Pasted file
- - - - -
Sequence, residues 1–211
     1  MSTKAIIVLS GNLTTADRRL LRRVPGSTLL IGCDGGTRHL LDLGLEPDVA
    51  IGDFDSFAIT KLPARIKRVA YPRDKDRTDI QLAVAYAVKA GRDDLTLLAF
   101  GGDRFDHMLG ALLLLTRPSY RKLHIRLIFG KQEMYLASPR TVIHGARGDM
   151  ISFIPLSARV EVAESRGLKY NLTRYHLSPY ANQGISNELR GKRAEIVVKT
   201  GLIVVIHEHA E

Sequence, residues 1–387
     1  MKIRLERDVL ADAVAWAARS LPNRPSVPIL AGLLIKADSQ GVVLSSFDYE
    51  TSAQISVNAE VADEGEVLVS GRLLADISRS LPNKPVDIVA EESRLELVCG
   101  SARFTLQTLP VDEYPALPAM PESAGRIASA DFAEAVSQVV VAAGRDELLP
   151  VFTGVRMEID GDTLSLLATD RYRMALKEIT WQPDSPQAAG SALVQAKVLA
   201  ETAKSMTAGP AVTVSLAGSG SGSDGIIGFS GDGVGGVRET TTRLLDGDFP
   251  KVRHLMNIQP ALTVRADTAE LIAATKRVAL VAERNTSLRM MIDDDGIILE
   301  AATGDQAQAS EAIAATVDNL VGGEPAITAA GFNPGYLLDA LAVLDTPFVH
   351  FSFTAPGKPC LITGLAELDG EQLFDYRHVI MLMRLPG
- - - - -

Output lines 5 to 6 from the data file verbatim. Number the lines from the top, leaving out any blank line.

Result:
   151  ISFIPLSARV EVAESRGLKY NLTRYHLSPY ANQGISNELR GKRAEIVVKT
   201  GLIVVIHEHA E